Fast, parallel word recognition, in expert readers, relies on sectors of the left ventral occipito-temporal pathway collectively known as the visual word form area. This expertise is thought to arise from perceptual learning mechanisms that extract informative features from the input strings. The perceptual expertise hypothesis leads to two predictions: (1) parallel word recognition, based on the ventral visual system, should be limited to words displayed in a familiar format (foveal horizontal words with normally spaced letters); (2) words displayed in formats outside this field of expertise should be read serially, under supervision of dorsal parietal attention systems. We presented adult readers with words that were progressively degraded in three different ways (word rotation, letter spacing, and displacement to the visual periphery). Behaviorally, we identified degradation thresholds above which reading difficulty increased non-linearly, with the concomitant emergence of a word length effect on reading latencies reflecting serial reading strategies. fMRI activations were correlated with reading difficulty in bilateral occipito-temporal and parietal regions, reflecting the strategies required to identify degraded words. A core region of the intraparietal cortex was engaged in all modes of degradation. Furthermore, in the ventral pathway, word degradation led to an amplification of activation in the posterior visual word form area, at a level thought to encode single letters. We also found an effect of word length restricted to highly degraded words in bilateral occipitoparietal regions. Those results clarify when and how the ventral parallel visual word form system needs to be supplemented by the deployment of dorsal serial reading strategies.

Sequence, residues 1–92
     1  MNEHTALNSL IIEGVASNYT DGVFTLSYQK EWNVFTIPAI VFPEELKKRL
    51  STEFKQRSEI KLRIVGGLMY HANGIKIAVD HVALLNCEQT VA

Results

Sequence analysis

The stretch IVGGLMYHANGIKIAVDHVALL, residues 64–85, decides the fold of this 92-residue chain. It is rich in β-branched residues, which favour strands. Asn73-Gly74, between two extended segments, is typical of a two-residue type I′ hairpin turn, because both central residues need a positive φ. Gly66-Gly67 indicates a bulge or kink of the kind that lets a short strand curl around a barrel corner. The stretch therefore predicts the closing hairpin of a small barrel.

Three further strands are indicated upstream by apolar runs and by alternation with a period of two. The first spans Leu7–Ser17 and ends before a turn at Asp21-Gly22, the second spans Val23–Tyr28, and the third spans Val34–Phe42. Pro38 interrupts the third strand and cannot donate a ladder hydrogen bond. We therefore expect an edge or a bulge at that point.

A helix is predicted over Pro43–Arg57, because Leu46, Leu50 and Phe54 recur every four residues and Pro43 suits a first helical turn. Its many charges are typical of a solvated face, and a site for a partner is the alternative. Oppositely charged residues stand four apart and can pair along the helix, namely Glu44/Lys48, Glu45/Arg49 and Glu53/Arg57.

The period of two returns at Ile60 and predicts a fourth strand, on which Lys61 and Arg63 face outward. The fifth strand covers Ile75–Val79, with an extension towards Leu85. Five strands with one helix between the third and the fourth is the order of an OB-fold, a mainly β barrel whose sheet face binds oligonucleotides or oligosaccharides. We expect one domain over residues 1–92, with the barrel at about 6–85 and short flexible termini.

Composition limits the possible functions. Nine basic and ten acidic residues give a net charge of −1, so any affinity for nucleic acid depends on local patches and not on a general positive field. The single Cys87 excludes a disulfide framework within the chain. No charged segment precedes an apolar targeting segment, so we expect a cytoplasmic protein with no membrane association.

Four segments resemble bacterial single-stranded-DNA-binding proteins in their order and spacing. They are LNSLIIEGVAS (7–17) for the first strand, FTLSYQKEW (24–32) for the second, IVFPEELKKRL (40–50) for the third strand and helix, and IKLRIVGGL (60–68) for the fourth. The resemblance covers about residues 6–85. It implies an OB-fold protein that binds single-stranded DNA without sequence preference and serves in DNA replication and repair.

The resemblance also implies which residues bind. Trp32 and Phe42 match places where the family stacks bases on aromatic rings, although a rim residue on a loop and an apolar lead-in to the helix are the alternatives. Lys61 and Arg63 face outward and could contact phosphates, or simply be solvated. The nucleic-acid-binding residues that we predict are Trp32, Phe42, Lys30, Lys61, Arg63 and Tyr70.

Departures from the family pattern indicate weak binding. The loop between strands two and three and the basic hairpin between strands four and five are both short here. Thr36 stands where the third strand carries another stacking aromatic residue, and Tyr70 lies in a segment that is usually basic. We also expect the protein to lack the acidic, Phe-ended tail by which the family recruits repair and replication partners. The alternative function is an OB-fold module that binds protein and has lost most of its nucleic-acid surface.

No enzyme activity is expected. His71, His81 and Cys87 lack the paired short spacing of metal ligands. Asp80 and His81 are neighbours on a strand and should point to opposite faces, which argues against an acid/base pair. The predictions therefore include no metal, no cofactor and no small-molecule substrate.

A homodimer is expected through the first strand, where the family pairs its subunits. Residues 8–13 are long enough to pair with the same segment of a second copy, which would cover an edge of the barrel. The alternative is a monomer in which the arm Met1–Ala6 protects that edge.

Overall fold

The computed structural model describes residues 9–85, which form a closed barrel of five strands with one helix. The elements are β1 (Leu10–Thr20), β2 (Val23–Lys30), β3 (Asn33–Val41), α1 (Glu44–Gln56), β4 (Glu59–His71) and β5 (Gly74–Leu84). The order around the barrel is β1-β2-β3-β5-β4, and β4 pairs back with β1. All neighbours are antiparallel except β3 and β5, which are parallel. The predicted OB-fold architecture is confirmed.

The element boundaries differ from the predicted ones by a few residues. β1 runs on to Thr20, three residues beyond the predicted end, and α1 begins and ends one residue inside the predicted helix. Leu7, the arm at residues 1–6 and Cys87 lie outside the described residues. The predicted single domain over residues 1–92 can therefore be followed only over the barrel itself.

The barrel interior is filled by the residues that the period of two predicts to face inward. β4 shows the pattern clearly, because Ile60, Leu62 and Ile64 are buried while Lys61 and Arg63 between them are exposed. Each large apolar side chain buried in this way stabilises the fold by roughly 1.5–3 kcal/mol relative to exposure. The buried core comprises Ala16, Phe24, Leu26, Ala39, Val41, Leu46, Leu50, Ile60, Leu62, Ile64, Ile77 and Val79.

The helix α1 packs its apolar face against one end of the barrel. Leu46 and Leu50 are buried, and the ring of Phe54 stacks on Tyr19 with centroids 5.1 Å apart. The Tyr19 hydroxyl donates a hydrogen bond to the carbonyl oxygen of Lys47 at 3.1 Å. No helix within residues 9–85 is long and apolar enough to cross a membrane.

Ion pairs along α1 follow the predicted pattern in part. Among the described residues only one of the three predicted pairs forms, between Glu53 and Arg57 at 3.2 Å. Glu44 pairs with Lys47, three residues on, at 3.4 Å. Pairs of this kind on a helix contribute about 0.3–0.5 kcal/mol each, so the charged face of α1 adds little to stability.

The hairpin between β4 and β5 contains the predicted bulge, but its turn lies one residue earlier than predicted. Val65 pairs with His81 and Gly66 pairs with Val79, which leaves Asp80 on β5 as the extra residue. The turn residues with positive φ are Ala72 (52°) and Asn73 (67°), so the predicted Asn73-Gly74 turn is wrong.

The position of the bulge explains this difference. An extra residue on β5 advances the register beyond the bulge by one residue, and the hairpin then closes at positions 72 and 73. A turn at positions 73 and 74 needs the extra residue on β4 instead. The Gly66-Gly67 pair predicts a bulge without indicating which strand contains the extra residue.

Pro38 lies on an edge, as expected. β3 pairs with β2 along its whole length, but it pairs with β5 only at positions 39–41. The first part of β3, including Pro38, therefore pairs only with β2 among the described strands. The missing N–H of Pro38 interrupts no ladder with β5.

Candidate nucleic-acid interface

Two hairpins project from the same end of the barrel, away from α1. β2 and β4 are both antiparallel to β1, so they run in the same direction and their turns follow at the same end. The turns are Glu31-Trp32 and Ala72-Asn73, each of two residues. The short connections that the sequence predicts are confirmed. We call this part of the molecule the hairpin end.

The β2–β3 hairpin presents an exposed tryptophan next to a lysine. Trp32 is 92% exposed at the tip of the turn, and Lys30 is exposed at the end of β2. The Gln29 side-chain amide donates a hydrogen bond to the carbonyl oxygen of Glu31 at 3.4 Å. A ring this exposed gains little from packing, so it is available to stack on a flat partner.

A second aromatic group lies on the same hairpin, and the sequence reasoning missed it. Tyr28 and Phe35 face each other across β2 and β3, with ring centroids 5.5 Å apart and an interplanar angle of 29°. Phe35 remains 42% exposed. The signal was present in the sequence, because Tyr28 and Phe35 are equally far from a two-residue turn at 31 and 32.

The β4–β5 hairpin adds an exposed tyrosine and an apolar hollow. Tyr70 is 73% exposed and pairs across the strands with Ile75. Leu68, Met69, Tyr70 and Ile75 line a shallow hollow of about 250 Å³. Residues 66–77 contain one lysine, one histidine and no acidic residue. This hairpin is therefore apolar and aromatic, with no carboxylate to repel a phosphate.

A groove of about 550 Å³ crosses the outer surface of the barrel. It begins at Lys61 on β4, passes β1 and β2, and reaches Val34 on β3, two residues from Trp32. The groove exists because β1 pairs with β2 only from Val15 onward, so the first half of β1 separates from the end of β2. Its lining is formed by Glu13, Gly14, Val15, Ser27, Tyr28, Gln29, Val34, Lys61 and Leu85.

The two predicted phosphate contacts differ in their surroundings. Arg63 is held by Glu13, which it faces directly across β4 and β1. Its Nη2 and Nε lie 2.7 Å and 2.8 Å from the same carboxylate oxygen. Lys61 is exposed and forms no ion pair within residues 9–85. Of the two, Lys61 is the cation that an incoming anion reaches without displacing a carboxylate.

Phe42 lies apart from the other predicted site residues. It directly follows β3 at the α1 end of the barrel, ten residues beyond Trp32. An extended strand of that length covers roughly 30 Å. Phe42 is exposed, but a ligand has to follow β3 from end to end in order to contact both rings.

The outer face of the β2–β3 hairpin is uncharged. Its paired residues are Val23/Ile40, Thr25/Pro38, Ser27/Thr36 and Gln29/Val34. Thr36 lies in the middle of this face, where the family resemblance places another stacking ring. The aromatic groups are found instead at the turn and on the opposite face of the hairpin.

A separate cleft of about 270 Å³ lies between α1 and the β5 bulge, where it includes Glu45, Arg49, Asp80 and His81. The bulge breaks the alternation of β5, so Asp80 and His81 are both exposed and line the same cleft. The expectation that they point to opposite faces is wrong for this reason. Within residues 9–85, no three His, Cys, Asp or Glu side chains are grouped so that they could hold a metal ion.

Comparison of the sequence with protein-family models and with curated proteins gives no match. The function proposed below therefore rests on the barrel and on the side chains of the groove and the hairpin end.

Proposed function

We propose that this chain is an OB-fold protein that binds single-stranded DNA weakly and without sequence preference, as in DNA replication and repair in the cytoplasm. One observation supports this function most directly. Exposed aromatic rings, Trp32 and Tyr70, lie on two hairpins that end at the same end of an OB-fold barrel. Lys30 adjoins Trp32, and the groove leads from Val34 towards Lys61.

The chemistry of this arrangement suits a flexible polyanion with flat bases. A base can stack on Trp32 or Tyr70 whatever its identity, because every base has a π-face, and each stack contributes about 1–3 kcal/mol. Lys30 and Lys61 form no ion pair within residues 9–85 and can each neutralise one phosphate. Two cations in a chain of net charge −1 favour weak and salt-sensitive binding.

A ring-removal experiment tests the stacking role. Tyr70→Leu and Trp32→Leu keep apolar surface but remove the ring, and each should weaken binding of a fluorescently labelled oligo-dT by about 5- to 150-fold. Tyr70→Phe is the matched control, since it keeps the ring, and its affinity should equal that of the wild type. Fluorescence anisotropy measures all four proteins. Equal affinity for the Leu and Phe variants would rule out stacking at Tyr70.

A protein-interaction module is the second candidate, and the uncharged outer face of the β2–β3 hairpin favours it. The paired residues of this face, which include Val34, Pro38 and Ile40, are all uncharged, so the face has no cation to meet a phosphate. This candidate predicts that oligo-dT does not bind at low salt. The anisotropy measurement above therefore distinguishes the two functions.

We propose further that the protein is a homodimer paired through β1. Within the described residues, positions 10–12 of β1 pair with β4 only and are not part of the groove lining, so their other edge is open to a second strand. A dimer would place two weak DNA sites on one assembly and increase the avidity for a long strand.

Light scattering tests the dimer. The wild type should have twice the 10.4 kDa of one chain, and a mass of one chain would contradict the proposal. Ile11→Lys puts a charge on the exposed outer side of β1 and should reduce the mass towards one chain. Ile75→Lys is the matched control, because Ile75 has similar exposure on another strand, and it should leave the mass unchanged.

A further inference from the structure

In other words, my dorsal reading system has gone to shit.